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It’s a bird, it’s a plane, it’s… yet another superhero film. Chances are, you probably watched at least one big-budget superhero flick in the past 12 months. Since Iron Man and the Dark Knight premiered in 2008, Hollywood has been pumping out these action blockbusters like they’re going out of style. Due to this popularity, the superhero industry is gigantic. In fact, according to Statista, the combined worldwide box office revenue for Marvel and DC is $28.72 billion.

Whether you’re a comic book nut or skeptic, it is worth your while to check out other franchises or stand-alone features with spandex-wearing supes. These Marvel and DC alternatives cover a variety of topics and themes, from family dynamics to capitalism. Intrigued? Read on to learn about these 10 underrated superhero films and shows:

Related: 10 Comic Book Heroes Who Could Theoretically Exist

10 Brightburn (2019)

What if Superman was evil? This is the central question behind David Yarovesky’s superhero horror film, Brightburn. Like Clark Kent, Brandon Breyer crash lands into a cutesy hometown as an infant and is adopted by a childless couple. Everything seems hunky-dory until Brandon starts chanting, “Take the world.” Uh-oh. Before long, the teenaged alien turns full homicidal maniac, and let’s just say the body count would put many DC villains to shame.

Even though critics panned Brightburn, we still recommend it for the unique concept alone. The horror supervillain movie is an underexplored idea! Brightburn may not be the popcorn, quip-filled romp we expect from Marvel, but still, the film pushes the boundaries of the superhero narrative. Plus, who doesn’t go crazy for the evil kid trope? Orphan, anyone?[1]

9 Raising Dion (2019–2022)

One of Netflix’s darlings, Raising Dion, uses the superhero genre to discuss issues of race and single parenthood in America. Dion, the titular hero, is an eight-year-old Black boy who develops the power of ion manipulation (that’s telekinesis, levitation, invisibility—the whole kaboodle). Talk about growing pains! Dion’s widowed mother, Nicole, tries her best to help Dion manage his powers while also investigating the mysterious circumstances of her husband’s death. But, little do they know, several people have a vested interest in exploiting Dion’s power.

Given Hollywood’s poor track record with diversity, it is refreshing to see a superhero series with a young Black boy as its star. And it’s not cheap lip service either! Many have applauded the show for exploring racially charged topics in an age-appropriate way. Dubbed as “perfect fodder for families,” Raising Dion’s two seasons are definitely a must-watch for viewers of all ages.[2]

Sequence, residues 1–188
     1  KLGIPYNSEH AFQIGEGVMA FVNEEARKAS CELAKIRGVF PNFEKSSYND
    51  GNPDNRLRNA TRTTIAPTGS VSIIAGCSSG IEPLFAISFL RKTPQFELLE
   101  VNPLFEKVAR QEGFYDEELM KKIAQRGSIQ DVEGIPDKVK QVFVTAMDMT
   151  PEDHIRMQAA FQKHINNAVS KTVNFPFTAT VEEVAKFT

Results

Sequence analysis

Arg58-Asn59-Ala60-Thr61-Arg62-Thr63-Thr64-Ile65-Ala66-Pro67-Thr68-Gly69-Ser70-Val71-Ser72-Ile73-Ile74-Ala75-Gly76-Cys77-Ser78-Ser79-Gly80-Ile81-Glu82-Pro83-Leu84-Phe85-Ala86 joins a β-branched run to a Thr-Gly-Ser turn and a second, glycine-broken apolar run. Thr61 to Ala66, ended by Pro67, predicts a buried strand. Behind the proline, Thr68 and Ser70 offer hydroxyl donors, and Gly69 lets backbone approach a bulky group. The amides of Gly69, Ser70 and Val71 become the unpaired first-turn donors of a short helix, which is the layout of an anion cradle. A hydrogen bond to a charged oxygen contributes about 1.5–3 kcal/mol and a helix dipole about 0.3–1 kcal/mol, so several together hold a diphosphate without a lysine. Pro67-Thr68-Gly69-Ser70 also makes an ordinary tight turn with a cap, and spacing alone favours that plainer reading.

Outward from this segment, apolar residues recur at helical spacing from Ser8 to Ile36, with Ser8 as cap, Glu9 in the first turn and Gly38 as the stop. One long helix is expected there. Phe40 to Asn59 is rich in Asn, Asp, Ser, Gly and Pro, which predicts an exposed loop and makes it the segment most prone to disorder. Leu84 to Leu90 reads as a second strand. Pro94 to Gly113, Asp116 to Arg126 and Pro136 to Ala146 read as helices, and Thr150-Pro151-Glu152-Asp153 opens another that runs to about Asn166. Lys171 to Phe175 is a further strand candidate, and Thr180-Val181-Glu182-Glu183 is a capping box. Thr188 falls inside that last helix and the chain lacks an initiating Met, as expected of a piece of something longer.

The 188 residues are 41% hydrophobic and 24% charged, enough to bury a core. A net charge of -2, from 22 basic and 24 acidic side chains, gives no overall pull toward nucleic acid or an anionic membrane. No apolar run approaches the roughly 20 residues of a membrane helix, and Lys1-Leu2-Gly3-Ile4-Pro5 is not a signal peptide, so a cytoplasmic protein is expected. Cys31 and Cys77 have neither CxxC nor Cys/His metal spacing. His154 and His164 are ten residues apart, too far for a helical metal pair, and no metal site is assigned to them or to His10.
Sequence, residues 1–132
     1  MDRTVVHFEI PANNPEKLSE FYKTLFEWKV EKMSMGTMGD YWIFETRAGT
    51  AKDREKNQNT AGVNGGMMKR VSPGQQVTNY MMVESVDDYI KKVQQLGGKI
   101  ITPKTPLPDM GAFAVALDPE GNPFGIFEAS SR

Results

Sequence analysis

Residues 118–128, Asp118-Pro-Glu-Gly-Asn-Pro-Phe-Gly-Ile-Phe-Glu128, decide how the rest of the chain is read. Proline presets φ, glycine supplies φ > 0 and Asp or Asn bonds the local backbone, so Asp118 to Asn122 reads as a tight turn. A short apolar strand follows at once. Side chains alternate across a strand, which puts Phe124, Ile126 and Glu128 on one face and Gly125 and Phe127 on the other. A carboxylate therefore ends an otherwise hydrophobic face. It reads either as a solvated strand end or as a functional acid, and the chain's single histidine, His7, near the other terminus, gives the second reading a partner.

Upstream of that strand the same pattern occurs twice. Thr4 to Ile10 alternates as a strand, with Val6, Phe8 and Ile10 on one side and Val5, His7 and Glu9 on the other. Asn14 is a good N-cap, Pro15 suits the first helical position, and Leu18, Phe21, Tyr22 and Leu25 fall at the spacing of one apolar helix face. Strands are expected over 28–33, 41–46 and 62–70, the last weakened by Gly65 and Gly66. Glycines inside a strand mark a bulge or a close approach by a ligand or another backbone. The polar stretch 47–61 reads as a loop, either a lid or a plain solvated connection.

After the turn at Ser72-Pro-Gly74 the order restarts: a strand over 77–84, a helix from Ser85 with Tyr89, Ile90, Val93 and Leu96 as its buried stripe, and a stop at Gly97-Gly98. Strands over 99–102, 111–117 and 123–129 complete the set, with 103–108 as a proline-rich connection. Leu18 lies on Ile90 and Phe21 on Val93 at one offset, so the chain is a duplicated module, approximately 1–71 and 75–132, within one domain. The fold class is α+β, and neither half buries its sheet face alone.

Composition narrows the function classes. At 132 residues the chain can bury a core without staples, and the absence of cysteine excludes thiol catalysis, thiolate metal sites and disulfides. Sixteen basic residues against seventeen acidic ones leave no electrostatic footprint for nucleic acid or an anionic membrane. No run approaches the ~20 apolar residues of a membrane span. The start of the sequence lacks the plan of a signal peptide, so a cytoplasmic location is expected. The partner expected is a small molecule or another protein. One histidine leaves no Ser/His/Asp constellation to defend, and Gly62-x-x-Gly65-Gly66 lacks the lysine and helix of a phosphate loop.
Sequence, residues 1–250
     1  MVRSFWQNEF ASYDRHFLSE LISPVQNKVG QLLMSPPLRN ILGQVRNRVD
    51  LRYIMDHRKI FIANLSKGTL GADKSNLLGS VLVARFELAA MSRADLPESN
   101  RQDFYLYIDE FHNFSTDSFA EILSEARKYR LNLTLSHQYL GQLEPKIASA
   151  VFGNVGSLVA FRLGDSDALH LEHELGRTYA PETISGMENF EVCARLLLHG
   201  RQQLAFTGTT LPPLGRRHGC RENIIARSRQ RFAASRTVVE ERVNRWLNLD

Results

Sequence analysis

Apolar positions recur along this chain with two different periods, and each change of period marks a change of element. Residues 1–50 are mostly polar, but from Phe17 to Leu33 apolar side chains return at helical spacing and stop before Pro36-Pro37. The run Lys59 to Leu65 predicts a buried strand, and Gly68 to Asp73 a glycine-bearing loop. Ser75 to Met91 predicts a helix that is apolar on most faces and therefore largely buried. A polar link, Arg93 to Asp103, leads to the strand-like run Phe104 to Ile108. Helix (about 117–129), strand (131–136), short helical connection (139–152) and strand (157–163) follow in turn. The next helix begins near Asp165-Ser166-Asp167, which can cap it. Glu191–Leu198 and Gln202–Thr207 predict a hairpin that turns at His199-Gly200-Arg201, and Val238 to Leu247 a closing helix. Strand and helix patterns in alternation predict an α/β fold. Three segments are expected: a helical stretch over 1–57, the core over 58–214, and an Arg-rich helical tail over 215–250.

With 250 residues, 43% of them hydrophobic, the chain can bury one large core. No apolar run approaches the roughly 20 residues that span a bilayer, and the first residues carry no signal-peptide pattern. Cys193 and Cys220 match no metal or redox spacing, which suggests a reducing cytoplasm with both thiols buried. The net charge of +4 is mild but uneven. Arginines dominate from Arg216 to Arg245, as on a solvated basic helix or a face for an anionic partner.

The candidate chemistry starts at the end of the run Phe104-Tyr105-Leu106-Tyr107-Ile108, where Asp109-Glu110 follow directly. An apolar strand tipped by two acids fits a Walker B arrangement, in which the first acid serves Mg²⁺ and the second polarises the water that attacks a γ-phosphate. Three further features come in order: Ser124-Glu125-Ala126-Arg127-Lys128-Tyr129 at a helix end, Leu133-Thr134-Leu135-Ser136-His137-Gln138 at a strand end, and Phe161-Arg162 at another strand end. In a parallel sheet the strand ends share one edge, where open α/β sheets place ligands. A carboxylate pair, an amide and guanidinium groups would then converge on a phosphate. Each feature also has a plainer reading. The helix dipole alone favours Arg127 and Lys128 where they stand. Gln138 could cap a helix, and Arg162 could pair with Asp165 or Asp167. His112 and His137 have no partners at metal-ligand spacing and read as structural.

8 Megamind (2010)

Everyone loves a good anti-hero story, and DreamWorks’ Megamind is one of the best. Will Ferrell voices the movie’s offbeat protagonist, a super-genius supervillain who miraculously defeats his nemesis. The luster of Megamind’s victory soon wears off, though, and he decides to create a new superhero. What could possibly go wrong!?! As far as children’s movies go, Megamind teaches important lessons about who can be a hero and the power of love without rehashing the same plot points.

Aside from being a wholesome flick, Megamind is also laugh-out-loud hysterical. Remember, DreamWorks gave us the meme-haven that is Shrek (2001). So, it should really come as no surprise that this comedy is another winner. And with a sequel in the works, there’s no time like the present for revisiting this charming film.[3]

7 Invincible (2021– )

In another animated entry, Amazon’s Invincible follows teenaged Mark Grayson as he adapts to his superpowers and the perils of adolescence. For context, he’s the son of Omni-Man, this universe’s analog for Superman. Mark fights a series of foes as the yellow-and-blue spandexed Invincible, getting absolutely clobbered in the process. Can he defend Chicago, get the girl, and land a college acceptance? Only time will tell…

Don’t let the animated format fool you, though. Invincible is one of the goriest titles on this list and is not suitable for your little Justice Leaguers.[4]

6 Chronicle (2012)

Like Invincible, Chronicle explores heroism in the context of high school. It’s a low-budget film that accomplishes a lot through found footage and raw performance from its relatively young cast. The story centers around Andrew, a bullied, abused, and misunderstood teenager coping with his mother’s worsening cancer. When Andrew suddenly gains telekinetic powers, his glow-up earns him instant popularity, but he soon resorts to aggressive behavior to avenge and protect himself. The maxim “absolute power corrupts absolutely” comes to mind.